Batman: Damned

Batman: Damned

Issue #1

Writer – Brian Azzarello

Artist – Lee Bermejo

Publisher – DC Black Label

Batman:Damned is the first series in the new Black Label line for DC comics.  The Black Label line is intended for mature readers and is non continuity, much like most of the stories in the Elseworlds imprint were, which ran from 1989-2003.  I like this for the fact that it gives the creators of these stories free reign to explore the characters in very unique ways.

Photo Credit – DC Comics

What the first book perfectly does is set the tone for series.   The Joker is dead and Batman is missing several hours of his memory.   John Constantine shows up and rescues a seriously injured Batman.  At first, it seems like Batman might or might not be involved in the murder.  Not only is Constantine helping Batman but Deadman is also, and how much can Batman trust Constantine?

Photo Credit – DC Comics
Photo Credit – DC Comics

And things start to get weird. There is definitely something supernatural going on here.  There may be something very sinister working against Batman.

Photo Credit – DC Comics

Azzarello’s concept of Deadman is pretty damn cool, the individuals get violently ill when he possess them forcing him to jump from body to body.

Photo Credit – DC Comics


Zatanna Zatara gets into the mix as Batman is looking for answers, and is the Joker truly dead?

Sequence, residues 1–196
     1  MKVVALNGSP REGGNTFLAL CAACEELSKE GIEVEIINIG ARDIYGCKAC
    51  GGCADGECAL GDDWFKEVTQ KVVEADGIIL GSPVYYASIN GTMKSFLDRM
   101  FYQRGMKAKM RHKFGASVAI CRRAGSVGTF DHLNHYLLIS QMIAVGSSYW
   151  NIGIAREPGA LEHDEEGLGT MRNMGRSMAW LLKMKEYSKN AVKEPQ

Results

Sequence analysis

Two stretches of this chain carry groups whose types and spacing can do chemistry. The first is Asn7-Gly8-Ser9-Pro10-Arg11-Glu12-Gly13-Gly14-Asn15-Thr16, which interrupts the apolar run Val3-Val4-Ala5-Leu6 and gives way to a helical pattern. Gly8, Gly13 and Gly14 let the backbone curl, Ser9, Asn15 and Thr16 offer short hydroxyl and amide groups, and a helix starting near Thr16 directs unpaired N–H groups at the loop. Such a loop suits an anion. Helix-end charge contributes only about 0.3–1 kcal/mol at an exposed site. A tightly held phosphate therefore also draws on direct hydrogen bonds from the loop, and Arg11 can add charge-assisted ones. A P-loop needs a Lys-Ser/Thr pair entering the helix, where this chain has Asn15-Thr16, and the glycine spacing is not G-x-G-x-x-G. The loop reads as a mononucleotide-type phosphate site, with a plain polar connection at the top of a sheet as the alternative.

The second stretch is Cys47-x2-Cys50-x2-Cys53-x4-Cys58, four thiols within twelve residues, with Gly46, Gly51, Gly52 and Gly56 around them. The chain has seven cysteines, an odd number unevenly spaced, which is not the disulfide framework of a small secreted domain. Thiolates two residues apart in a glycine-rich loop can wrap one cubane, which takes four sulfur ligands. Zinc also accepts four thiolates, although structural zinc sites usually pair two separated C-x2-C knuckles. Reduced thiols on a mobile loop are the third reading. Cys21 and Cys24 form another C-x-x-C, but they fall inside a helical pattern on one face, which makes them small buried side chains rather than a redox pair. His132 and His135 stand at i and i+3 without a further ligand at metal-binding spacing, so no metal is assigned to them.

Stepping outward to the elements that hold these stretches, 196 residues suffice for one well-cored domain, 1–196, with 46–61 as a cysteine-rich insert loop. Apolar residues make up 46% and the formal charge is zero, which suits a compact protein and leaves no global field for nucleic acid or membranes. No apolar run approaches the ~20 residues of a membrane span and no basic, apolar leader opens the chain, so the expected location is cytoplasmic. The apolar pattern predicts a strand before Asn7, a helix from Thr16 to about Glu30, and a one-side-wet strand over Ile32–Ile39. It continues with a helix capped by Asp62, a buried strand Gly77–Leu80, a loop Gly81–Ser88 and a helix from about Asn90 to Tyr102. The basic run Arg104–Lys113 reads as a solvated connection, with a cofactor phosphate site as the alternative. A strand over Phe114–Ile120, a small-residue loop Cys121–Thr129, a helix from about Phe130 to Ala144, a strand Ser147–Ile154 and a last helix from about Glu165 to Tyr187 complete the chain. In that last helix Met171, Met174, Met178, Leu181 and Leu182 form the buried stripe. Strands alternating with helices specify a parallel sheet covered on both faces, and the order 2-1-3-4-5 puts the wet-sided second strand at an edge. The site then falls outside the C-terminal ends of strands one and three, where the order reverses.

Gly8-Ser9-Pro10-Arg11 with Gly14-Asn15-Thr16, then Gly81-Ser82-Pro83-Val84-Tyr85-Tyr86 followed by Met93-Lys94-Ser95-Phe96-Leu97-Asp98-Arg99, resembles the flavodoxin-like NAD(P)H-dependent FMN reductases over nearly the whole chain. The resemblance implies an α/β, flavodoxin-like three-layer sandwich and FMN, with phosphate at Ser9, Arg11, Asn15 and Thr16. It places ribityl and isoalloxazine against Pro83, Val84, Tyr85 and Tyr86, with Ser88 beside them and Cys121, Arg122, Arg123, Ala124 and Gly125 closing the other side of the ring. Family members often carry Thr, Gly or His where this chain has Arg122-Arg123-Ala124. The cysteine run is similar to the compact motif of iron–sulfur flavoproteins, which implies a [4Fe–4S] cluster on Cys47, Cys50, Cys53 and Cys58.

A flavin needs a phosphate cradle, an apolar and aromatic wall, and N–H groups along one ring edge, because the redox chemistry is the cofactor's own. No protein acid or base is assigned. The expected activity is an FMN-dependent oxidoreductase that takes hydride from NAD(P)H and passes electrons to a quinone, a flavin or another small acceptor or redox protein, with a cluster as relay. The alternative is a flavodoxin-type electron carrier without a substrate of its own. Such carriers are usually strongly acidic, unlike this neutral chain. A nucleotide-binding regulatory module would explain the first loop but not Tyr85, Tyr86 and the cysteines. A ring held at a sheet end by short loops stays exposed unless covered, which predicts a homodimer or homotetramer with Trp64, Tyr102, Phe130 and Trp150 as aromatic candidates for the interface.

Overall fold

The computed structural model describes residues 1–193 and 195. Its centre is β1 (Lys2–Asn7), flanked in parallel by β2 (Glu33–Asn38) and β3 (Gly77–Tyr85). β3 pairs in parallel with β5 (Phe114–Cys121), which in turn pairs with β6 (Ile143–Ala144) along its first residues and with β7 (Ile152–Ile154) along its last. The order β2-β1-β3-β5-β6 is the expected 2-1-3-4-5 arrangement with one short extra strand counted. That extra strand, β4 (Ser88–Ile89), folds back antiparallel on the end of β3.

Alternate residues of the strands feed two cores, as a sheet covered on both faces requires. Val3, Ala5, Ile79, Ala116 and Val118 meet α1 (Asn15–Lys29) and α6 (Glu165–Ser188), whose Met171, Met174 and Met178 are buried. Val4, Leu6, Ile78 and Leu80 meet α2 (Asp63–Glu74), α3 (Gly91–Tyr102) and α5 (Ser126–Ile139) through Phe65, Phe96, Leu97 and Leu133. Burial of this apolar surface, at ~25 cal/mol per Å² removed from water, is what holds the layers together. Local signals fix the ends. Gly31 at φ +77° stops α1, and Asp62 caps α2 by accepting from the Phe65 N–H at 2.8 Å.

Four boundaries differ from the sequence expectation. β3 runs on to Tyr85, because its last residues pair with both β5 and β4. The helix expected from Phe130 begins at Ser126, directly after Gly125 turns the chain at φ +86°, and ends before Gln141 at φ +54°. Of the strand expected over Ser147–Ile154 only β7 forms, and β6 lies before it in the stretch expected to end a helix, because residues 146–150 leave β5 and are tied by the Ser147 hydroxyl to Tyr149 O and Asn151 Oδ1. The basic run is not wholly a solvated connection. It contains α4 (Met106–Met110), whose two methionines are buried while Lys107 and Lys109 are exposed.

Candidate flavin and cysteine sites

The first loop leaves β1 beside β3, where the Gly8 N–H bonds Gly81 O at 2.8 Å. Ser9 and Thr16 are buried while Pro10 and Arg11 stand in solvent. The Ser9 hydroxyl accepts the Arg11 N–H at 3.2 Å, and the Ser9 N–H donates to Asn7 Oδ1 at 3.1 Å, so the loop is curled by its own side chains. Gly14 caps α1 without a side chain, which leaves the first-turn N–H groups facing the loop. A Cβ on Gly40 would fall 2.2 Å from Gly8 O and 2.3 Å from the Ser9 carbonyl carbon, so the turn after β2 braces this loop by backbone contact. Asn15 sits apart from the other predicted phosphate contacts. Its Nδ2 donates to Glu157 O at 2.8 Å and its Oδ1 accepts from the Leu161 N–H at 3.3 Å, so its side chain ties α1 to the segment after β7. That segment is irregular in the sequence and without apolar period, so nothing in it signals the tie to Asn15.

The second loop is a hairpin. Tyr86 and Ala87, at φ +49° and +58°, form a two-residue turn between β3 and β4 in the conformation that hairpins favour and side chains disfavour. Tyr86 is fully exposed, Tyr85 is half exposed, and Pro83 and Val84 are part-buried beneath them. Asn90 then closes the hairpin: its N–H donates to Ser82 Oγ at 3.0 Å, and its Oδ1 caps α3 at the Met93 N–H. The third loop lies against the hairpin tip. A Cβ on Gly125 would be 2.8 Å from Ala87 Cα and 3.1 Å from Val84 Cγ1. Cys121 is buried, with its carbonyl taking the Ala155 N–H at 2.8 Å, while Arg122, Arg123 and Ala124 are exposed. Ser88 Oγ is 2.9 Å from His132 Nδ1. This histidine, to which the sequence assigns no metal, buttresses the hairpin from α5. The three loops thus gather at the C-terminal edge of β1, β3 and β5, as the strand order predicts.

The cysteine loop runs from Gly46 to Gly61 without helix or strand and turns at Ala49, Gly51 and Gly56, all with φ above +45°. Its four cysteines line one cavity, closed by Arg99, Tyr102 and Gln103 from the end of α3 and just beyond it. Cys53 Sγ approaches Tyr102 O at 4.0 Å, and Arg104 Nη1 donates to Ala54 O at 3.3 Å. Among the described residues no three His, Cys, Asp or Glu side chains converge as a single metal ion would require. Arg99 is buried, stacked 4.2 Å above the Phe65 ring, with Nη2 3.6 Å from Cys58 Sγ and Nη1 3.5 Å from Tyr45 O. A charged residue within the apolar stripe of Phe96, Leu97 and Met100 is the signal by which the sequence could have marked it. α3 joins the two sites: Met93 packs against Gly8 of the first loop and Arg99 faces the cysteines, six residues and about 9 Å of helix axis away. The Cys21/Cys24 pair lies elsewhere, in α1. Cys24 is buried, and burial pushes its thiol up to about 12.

Photo Credit – DC Comics

Azzarello also explores Batman’s childhood in a number of flashbacks and he doesn’t paint a very good picture of the relationship between Bruce’s parents.

Photo Credit – DC Comics

And how is the Enchantress involved in all of this?

Photo Credit – DC Comics

I was sold on this book just for the fact that they were pairing Batman with John Constantine.  Azzarello’s story does start slowly but the story  elements he presents are intriguing. This is a very dark, creepy, and promising read.

Bermejo’s art is spectacular.  His Deadman design is so badass.  Deadman’s signature red acrobatic unitard has been replaced by muscle and sinew.  Bermejo’s attention to detail from creases on the characters faces and on the characters clothing is jaw dropping.  You feel the eerie creepiness of the city, of Bruce’s visitations, of a world just slightly out of kilter.

Rating: 9 Bruce Wangs out of 10

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